Class-leading crash safety was a primary design objective for the new Civic. Although the car has yet to undergo Euro-NCAP testing, it is expected to achieve a 4-star rating for both front and side collision and pedestrian safety. The ‘short nose’ design was a true engineering challenge in this context; the issue was resolved by effectively splitting impact energy along parallel paths - the high stiffness front side members and the sub-frame beneath. Elsewhere, the bodyshell features extensive stiffening, with high strength steel used to provide an impressively strong structure. Overall body rigidity is also

increased over the previous model, improving NVH (Noise, Vibration, Harshness) and suspension refinement.

High levels of refinement

New Civic drivers and passengers will enjoy a relaxing, spacious cabin and exceptional refinement. Extensive use of noise suppression materials, careful co-ordination of colours and textures, larger front seats and greater all-round accommodation all combine with a more supple ride to make travel a particularly pleasant experience.

Fascia-mounted gear lever

For the first time in a production car, Honda has adopted a fascia-mounted gear lever in the Civic 5-door. It will also feature in the 3-door. The position of the gear lever has been carefully considered to ensure it feels perfectly natural in everyday driving. The lever’s proximity to the steering wheel makes gear shifting more convenient and safe but does not detract from the change having a sporty feel. In addition, its position frees up floor space, which together with the flat floor means the Civic offers front-to-rear and left-to-right ‘walk-through’ access.

Superb fit and finish

One of the most tangible indications of the new Civic’s enhanced quality is the extremely close tolerances accomplished with the body panels, which greatly improves fit and finish appearance. Achieved in large part through new and advanced manufacturing techniques, the tighter tolerances have resulted in most gaps being halved, and in some cases reduced almost to zero.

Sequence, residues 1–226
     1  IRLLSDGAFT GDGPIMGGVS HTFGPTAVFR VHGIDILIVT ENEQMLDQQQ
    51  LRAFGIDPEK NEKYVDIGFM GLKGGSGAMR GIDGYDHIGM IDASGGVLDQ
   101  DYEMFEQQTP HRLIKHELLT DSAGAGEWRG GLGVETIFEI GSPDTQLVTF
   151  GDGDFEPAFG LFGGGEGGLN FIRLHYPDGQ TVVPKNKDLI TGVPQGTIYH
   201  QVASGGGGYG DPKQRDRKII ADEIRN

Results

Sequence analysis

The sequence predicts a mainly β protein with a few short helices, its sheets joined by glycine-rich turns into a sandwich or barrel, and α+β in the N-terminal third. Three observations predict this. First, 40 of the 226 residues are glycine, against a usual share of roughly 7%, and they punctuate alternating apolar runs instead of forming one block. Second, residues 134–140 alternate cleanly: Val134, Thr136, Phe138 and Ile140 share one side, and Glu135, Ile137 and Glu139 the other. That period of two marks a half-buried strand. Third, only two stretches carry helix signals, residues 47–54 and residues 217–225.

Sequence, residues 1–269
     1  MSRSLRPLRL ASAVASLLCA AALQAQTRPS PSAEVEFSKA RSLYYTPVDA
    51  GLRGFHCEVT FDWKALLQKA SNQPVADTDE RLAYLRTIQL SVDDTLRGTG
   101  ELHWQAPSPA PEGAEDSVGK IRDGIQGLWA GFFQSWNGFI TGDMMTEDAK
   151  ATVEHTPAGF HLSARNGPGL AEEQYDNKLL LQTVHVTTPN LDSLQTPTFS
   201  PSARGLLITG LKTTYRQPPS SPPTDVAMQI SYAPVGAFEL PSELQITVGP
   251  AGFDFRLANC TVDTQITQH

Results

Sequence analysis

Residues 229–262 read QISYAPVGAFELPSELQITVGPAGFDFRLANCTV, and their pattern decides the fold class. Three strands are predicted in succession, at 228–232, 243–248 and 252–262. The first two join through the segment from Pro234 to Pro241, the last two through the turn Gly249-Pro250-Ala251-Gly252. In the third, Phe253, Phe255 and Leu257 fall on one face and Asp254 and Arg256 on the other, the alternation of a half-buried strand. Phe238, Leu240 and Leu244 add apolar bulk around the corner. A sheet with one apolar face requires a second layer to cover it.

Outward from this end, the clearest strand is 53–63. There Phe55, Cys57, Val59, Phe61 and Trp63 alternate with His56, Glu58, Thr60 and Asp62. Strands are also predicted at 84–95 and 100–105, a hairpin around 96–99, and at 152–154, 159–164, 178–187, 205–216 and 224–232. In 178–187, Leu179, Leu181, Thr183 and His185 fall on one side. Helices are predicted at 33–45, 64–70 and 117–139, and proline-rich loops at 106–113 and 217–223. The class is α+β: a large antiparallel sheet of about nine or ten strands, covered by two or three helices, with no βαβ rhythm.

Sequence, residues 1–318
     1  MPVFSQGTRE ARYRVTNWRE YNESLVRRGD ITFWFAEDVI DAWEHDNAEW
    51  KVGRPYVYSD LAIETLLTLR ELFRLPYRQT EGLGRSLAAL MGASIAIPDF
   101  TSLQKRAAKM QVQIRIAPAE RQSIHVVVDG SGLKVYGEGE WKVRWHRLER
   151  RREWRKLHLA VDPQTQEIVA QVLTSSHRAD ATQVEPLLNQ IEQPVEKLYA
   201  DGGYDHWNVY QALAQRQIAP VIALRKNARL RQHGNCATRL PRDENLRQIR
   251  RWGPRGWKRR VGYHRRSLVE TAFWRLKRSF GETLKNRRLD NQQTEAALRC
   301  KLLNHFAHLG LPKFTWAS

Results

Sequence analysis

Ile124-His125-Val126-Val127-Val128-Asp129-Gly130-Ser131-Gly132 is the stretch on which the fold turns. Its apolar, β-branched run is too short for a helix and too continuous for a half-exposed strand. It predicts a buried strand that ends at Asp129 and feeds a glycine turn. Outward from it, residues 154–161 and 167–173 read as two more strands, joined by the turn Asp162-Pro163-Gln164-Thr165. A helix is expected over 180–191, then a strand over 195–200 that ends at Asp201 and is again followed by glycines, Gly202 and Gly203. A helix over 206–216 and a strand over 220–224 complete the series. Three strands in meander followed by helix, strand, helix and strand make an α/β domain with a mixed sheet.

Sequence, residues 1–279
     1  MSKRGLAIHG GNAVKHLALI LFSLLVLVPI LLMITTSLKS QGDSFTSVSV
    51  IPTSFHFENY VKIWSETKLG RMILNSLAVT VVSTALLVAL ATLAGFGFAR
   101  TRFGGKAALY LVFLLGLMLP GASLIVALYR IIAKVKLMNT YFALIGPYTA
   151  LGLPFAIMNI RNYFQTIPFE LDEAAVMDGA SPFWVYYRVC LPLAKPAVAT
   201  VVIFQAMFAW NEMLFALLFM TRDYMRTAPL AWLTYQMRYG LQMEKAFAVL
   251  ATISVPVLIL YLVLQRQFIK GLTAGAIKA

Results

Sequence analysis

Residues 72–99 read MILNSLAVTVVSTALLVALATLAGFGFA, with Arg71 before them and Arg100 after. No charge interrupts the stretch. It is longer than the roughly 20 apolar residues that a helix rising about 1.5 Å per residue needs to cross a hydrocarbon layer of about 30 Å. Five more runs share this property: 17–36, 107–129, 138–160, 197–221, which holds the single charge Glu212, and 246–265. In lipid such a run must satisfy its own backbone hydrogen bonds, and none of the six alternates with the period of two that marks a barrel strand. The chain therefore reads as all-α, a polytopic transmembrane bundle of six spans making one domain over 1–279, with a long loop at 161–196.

Attention to detail is apparent both inside and out. Flush surfaces and reduced gaps for superior interior fit and finish complement a higher grade of materials to impart an air of high quality.

Refinement mirrors build quality and NVH characteristics have been targeted in all areas – engine noise under acceleration, for example, is reduced by 3 dB(A). The Civic benefits from a raft of sound-deadening measures including sophisticated engine mountings, high body rigidity, rubber mat insulators and urethane foam.

Versatile load bay

In addition to generous occupant space, the new Civic 5-door is more versatile than ever when it comes to carrying luggage. Boot capacity of 370 litres (VDA) can be increased to 732 litres (VDA -rear seat folded, to window line). The double folding rear seat features a 60:40 split, and in conjunction with the wide-opening tailgate offers outstanding load carrying ability and flexibility.

1.4 and 1.6 litre engines offer sophisticated engineering solutions

Two new, highly efficient 16-valve four-cylinder engines provide power. Some 10% lighter than their predecessors, both have been engineered for greater torque and therefore improved driving flexibility. The SOHC units are also more refined, more economical and are cleaner than previously.